In other words, Fraenkel suggested—back in the 1940s—a fairly holistic concept which has seemed increasingly convincing in recent years: nutrients are healthful in the context of food, but a disembodied molecule (even when added back in to food) is of dubious value. The reductionist reliance on nutrients has not attracted a ton of media attention, though Michael Pollan wrote a nice piece on this topic some years ago (and I loved the molecular banana cover image for this piece!). Expect more coverage now, however; just today, NPR has rounded up recent research on the value of vitamins, which is well worth checking out.
But back to the sons of scientists! When I first wrote the paper on Fraenkel, I did not realize that he was instrumental in naming brown bread the National Loaf of Great Britain. In other words, there was a UK-government mandated insistence on whole wheat as early as the 1940s! (Yet, my kid’s nursery today serves white toast to preschoolers who otherwise would not even know that such an abomination exists…) And I only learned about this thanks to Gideon Fraenkel, who actually wrote a letter to the New York Times on the subject.
One son of an scientist, I am chagrined to admit, may have been unhappy with how I portrayed his father. Warm and welcoming when I was viewing his father’s correspondence, I never heard from him again after sending him a draft of the paper that examined some of his father’s work. This is certainly the biggest danger in interacting directly with a subject’s children; they naturally want to see their parent’s work only celebrated.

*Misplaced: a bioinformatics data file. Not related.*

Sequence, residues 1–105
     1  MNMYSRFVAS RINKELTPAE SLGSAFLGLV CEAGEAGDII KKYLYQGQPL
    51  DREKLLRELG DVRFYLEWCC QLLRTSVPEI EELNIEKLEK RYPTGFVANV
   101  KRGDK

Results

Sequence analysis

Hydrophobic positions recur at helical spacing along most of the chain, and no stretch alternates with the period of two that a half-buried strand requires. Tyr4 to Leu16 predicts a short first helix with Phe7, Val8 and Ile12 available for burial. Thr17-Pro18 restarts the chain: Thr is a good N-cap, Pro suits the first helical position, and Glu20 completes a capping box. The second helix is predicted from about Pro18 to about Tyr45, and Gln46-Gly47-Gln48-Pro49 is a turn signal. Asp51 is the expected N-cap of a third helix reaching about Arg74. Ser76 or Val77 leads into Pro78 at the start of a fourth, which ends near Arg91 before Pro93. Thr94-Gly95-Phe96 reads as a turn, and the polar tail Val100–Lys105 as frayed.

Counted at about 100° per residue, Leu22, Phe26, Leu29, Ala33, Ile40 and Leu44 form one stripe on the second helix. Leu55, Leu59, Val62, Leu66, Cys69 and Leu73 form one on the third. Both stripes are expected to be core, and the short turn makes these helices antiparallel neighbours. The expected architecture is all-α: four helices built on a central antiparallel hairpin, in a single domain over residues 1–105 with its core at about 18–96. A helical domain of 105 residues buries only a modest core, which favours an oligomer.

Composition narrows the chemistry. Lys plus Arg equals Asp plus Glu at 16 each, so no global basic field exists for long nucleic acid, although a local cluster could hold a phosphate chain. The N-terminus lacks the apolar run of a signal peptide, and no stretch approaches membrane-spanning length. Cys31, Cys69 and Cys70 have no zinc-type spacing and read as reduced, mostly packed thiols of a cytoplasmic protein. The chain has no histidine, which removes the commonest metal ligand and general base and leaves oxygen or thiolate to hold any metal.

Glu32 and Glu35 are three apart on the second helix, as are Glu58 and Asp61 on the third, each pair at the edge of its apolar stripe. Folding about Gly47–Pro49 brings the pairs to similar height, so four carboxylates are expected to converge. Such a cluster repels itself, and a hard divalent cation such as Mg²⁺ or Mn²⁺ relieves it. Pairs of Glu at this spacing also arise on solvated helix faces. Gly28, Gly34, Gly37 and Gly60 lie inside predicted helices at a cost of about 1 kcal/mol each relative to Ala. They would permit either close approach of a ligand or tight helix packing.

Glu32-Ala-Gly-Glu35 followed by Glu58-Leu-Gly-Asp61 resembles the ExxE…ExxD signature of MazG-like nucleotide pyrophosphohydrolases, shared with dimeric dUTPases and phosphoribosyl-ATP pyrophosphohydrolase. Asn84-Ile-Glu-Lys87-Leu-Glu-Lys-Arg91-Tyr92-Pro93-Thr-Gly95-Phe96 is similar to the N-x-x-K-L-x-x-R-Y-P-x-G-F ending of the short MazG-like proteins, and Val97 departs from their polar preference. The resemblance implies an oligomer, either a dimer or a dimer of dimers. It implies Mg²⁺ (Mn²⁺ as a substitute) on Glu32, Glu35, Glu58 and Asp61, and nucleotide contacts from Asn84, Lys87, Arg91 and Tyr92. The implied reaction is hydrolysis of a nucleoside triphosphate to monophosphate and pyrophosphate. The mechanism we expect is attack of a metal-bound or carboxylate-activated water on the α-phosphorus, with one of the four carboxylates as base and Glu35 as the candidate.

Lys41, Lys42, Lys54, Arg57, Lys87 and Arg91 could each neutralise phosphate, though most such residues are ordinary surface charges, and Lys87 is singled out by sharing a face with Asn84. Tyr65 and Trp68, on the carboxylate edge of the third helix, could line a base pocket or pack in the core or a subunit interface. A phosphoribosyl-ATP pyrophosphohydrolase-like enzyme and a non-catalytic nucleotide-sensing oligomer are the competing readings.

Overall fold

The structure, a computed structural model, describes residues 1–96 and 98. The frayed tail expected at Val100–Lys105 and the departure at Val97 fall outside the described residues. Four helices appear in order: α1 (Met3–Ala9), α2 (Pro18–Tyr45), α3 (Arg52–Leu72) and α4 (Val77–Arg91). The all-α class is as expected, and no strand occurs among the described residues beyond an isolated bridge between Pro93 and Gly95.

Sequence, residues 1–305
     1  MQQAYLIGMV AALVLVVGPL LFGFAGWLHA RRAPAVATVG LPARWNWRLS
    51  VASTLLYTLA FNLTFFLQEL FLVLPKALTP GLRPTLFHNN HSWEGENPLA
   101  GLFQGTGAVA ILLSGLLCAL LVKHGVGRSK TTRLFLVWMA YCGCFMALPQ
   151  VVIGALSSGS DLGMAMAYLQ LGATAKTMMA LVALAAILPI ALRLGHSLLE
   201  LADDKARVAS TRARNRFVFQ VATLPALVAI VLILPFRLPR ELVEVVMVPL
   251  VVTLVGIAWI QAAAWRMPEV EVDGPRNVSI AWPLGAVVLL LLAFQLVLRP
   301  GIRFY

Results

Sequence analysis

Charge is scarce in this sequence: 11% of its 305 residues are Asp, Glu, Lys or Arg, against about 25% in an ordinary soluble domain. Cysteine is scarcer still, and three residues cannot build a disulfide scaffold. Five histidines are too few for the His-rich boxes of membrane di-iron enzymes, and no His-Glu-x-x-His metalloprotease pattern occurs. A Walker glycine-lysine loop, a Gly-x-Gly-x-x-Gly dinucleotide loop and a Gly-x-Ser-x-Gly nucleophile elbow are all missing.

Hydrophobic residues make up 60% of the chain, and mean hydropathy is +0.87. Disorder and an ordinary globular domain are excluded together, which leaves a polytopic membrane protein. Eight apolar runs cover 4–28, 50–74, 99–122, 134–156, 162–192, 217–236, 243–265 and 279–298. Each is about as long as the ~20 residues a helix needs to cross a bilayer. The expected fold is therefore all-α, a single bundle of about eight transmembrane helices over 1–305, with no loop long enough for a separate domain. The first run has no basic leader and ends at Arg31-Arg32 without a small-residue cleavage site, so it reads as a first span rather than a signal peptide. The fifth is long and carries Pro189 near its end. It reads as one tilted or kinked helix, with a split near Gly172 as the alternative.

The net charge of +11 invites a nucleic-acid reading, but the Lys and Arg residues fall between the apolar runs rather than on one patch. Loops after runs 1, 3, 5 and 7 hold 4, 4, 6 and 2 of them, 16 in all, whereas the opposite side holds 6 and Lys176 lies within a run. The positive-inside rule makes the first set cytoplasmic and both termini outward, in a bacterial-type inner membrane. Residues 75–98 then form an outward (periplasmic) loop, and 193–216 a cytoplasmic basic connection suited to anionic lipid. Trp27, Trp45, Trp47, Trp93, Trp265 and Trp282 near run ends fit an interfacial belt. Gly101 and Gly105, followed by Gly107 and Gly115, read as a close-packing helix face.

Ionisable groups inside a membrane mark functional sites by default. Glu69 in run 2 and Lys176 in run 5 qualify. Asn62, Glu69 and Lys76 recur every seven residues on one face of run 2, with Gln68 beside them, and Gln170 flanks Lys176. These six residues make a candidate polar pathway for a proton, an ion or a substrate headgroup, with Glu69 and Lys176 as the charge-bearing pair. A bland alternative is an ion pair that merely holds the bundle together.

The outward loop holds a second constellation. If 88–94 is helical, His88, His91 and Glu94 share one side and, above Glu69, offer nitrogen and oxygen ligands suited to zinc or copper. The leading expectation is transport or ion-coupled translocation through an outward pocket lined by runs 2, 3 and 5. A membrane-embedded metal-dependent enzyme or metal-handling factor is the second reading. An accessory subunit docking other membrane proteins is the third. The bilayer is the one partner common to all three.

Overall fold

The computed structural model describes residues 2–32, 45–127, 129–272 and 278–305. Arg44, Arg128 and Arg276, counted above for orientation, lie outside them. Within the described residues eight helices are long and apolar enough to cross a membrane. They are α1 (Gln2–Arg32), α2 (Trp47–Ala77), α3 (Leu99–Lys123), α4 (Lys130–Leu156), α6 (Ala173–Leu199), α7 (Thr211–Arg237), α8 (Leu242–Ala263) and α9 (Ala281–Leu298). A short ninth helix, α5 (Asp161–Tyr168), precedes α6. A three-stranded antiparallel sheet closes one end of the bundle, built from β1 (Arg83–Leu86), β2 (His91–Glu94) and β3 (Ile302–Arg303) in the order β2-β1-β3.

Most recently, when I traveled to Boston for the 2013 History of Science Society meeting, I was lucky enough to meet with the son of one of my current subjects. Don Eyles was a parasitologist working for the NIH in 1960 when he was accidentally infected with a malaria parasite that had been isolated from a Malaysian (or, rather, Malayan, at the time) macaque. Though the infection of humans with monkey malaria had, in truth, been known for decades, malariologists regarded the possibility as so remote that used little caution with the monkey malarias, even when working with heavily infected mosquitoes. Eyles was one of the first to learn that this was a mistake: What seemed like a meaningless mosquito bite while running an experiment became, for him, a case of malaria. And thus ensued three years of intensive NIH-funded lab and field research on a variety of monkey malarias and their mosquito vectors.
Admittedly, when I started searching for the children of Don Eyles, I immediately saw that his son—his namesake, in fact—lives in Boston. Eyles Jr. is an interesting person in his own right, having worked as programmer on the moon mission. The BBC referred to him as a “Beatnik” who put men on the moon. And here Eyles has written a paper about technical problems on the mission.
Meeting with him last month, I enjoyed my requisite Bostonian lobster lunch and gratefully received the gift of historical treasures from him. He lent me a very cool 1966 New York Times Magazine with a cover article on his father’s malaria research project. And he gave me a copy of the memoir of his fascinating mother, Mary Stipe Eyles, who was herself trained as a scientist and taught high school biology for many years. His mother and his two younger siblings were with Don Eyles Sr. when he tragically died of a heart attack in 1963, just as the family was about to return to the US from Malaysia.
Don Eyles Jr. (who even, by the way, attended my talk at the conference!) promises to put me in touch with his sister, one of the above-mentioned younger siblings, who lived in Malaysia with her family while her father pursued local monkey malarias. Check out photos of the family here.
I may finally have my chance to talk to the daughter of a scientist! And I have no doubt that she will be just as helpful and insightful as the very kind scientists’ sons who have kindly assisted me in the past!